For many of us, bureaucrats obsessing about ‘elf ‘n’ safety’ are one of the great curses of the modern age, although you will not find Halma’s shareholders in agreement.
The company, based in the Buckinghamshire town of Amersham, entered the FTSE 100 just before Christmas last year at the ripe old age of 123 – and one of the key factors propelling it there is the growing importance of safety and protection.
Old City hands still use the shorthand ‘engineer’ to describe Halma’s activities. That is a rather broad-brush description these days.
The company itself prefers to call itself a “safety, health and environmental technology group” and, while the name may not necessarily be familiar, products made by Halma touch millions of lives every day.
These include sensors that control automatic doors, emergency telephones in lifts, security sensors, monitors that check for corrosion on pipelines, gas detection equipment, smoke detectors (in which it is the world’s second-largest player), equipment for medical assessment and diagnosis, equipment used in eye surgery and equipment that tests and disinfects water.
Today’s results, for the year to the end of March, highlight the demand for such products and services.
A decade ago, Halma reported full year sales of £395m and pre-tax profits of £68m.
Today it reported a 12% rise in sales to £1.08bn, the first time revenues have topped £1bn in a year, while adjusted pre-tax profits rose by 9% to £214m.
It represents the 15th consecutive year in which Halma has reported record sales and profits.
The company is also raising its dividend for the year by 7% – making this the 39th consecutive year in which the pay-out has been raised by more than 5%.
All four of the company’s divisions – Process Safety, Infrastructure Safety, Medical and Environmental & Analysis – enjoyed a rise in sales and profits, with the latter division the star performer.
Andrew Williams, the chief executive, sees strong growth prospects in coming years.
One example is fire safety. A growing world population and the trend for more people to live in cities means demand for such systems was rising anyway – but the Grenfell disaster last year has concentrated minds everywhere.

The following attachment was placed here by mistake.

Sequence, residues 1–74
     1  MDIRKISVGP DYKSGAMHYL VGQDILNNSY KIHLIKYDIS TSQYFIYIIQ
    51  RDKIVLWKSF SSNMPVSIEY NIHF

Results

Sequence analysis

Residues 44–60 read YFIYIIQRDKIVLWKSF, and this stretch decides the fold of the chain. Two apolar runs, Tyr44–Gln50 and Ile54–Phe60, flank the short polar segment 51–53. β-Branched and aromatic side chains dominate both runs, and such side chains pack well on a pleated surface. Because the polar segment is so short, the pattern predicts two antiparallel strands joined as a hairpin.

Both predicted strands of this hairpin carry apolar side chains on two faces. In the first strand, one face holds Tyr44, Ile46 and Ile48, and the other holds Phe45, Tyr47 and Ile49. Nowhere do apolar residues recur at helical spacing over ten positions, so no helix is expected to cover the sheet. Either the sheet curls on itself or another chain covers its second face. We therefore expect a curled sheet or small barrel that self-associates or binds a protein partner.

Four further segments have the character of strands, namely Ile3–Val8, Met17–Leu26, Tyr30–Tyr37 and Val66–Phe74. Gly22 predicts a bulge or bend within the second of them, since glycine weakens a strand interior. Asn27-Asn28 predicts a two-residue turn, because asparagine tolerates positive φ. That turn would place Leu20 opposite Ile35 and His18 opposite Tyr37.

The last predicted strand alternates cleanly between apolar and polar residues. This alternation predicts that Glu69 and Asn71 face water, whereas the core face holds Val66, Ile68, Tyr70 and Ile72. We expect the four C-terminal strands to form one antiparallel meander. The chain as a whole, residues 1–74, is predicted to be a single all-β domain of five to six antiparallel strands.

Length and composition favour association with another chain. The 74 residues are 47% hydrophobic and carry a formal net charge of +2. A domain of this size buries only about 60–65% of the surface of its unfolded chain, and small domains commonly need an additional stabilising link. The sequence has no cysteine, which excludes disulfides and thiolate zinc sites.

Image: Andrew Williams is the chief executive of Halma. Pic: Halma
The company noted today: “Tens of thousands of people worldwide die every year due to fire. Most of these deaths are preventable and employers and building owners are under increasing pressure to comply with stricter government laws and regulations to protect their workers.
“High-profile tragedies are driving welcome improvements in the fire safety of existing infrastructure and we expect to see more regulations coming into force to protect people’s lives in both commercial and residential property. Although standards and practices vary between countries, these standards are improving every year and becoming more closely aligned.”
Elsewhere, the company also expects the rising global population and increased urbanisation to boost growth in its Environmental & Analysis division, thanks to rising demand for energy, food and water.
It highlighted on Tuesday that 2.4 billion people across the world do not currently enjoy access to proper sanitation systems – a key cause of child mortality.
It added: “Only 26% of urban sanitation and wastewater services effectively prevent human contact with contaminants along the entire sanitation chain.
“Our water testing systems help identify the contaminants in these water networks and our inspection solutions monitor them to create standards-compliant inspection data to ensure integrity of the network.”
However, while this is a company whose growth prospects are clear, investors wanting to buy into that will have to pay up. The shares, which earlier today hit a record high, have risen by almost a third since the end of March and now trade at almost 30 times this year’s expected earnings – a rating twice that of the FTSE 100 itself.
That strong growth potential has been baked into the share price: this is a company the City now expects, routinely, to break its own records each year.
Central to that will be continued investment – the rate at which Halma is investing in research and development is significantly faster than most British companies – and on greater focus on the use of data and digital technology. It has just appointed its first chief innovation and digital officer.
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Mr Williams added: “There’s no room for complacency, we’ve got to keep pushing ahead and keep thinking about how we’ll maintain and accelerate that growth in the future.”
The millions of Britons who have indirectly become shareholders in this company by virtue of its promotion to the Footsie will be hoping it can.